- The Washington Times - Monday, August 1, 2005

TEHRAN — Iran yesterday defiantly took the first steps toward a resumption of sensitive nuclear work, which risks plunging talks with the European Union into crisis and exposing Tehran to U.N. Security Council action.

Iran handed a letter to the International Atomic Energy Agency (IAEA) that formally notified the U.N. watchdog of the imminent resumption of uranium-ore conversion, the precursor to enrichment in the nuclear-fuel cycle.

It then announced that in coordination with inspectors from the IAEA it was making the initial preparations to remove the seals placed on a plant in the city of Isfahan and resume conversion activities after a nine-month suspension.

The Islamic republic has yet to announce that production has started — something it had originally said would take place yesterday — but emphasized the initial steps were mere formalities and there was no going back.

“Inspectors from the IAEA are working, controlling [surveillance] cameras and making their own controls so that the seals can be removed,” nuclear negotiator Ali Agha Mohammadi said on state television.

“When their work is completed, this will mean that the [uranium conversion] plant at Isfahan will restart. It is routine and practical work, but from our point of view, Isfahan is already back online.”

Tehran’s decision jeopardizes months of tortuous talks with European Union powers Britain, France and Germany aimed at saving Iran from U.N. Security Council sanctions.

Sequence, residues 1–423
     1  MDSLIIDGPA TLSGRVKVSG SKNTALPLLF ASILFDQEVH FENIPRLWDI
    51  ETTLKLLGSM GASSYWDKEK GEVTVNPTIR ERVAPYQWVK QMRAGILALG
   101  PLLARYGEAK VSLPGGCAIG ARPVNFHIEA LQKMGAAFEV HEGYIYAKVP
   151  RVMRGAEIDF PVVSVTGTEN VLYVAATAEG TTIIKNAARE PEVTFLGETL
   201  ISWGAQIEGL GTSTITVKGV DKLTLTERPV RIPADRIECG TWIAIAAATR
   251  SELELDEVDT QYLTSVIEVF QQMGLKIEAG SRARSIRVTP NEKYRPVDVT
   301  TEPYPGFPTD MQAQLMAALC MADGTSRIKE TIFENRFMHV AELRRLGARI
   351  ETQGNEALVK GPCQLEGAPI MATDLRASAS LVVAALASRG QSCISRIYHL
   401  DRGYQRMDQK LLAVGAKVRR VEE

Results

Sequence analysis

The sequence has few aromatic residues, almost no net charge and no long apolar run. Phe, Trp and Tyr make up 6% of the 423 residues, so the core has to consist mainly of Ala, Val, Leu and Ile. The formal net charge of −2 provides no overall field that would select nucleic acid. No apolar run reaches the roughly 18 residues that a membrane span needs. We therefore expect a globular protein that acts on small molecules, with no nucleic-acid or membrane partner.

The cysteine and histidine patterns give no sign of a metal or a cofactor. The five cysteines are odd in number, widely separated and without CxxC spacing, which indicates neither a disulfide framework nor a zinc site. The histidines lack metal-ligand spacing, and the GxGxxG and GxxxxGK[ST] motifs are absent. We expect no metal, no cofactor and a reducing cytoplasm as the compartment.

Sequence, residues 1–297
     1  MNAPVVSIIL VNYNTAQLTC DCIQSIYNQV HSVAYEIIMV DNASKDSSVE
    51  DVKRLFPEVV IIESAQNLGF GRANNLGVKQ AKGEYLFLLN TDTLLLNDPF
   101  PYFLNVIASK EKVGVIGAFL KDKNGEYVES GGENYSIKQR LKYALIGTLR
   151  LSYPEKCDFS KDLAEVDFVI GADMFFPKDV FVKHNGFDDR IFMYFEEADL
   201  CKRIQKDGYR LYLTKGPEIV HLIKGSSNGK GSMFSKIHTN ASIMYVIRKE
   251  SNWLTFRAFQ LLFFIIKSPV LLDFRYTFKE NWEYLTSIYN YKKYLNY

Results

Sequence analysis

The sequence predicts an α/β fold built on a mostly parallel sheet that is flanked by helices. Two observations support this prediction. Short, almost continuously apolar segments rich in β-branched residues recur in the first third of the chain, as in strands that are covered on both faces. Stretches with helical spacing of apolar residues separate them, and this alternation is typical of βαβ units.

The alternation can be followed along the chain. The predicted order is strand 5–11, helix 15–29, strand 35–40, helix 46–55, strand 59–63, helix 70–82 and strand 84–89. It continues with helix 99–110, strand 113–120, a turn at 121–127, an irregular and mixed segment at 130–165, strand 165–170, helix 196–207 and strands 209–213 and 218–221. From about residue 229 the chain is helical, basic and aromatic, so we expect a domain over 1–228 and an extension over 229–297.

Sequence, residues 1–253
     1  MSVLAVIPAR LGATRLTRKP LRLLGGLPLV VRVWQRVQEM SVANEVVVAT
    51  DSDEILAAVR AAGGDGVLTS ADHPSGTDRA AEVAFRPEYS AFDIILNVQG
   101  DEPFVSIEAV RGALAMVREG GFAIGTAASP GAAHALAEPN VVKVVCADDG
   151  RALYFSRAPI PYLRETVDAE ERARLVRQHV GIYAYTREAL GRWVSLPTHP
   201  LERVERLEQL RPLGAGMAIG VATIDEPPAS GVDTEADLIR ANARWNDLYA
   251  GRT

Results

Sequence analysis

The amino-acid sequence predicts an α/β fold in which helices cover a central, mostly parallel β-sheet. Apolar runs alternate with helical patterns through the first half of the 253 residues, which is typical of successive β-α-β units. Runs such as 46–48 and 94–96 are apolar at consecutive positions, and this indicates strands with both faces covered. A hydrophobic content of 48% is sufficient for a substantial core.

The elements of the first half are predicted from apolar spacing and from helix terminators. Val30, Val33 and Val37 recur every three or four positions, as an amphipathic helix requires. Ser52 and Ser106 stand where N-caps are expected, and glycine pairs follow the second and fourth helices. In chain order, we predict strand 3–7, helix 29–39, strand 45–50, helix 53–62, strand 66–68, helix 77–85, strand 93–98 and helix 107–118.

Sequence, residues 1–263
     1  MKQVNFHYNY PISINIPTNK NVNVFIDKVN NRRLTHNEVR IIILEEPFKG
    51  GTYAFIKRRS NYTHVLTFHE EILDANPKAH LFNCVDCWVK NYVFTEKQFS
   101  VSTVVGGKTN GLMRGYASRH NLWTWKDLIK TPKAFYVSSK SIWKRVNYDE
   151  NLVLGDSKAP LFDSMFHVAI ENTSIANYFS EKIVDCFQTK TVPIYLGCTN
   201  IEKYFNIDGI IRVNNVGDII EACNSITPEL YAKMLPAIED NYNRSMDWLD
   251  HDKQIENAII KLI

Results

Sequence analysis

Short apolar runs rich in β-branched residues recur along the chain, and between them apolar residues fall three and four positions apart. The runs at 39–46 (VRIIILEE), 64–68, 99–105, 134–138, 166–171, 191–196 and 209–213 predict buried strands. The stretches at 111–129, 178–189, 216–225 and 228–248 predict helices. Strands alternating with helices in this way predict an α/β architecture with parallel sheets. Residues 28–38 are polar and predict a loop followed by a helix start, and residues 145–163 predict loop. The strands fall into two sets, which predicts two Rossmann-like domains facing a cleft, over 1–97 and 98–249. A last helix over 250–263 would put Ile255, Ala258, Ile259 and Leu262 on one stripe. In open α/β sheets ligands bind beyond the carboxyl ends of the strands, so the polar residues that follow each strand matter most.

“If Iran does not go back on its choice, we will then have to demand an exceptional meeting of the IAEA council of governors,” French Foreign Minister Philippe Douste Blazy said.

“If despite this Iran carries on, we will need to go to the Security Council,” he added.

The United States, which accuses Iran of seeking to develop a nuclear weapon, lost no time in reaffirming its threat to go to the Security Council.

“If they’re not going to abide by their agreement and obligations, then we would have to look to the Security Council,” White House spokesman Scott McClellan said.

IAEA head Mohamed ElBaradei urged Iran “to continue the negotiation process” and halt its unilateral move, which came just three days before hard-line President Mahmoud Ahmadinejad takes office.

Iran, which says its nuclear program is for civilian purposes only, suspended conversion and enrichment activity last November for the duration of talks with the European Union.

Tehran warned Sunday that it would resume conversion work if the EU failed by yesterday to come up with its package of trade and security incentives, a timetable that the European countries said never existed.

Yesterday’s letter did not close the door on further talks, but pledged to maintain its current suspension of uranium enrichment.

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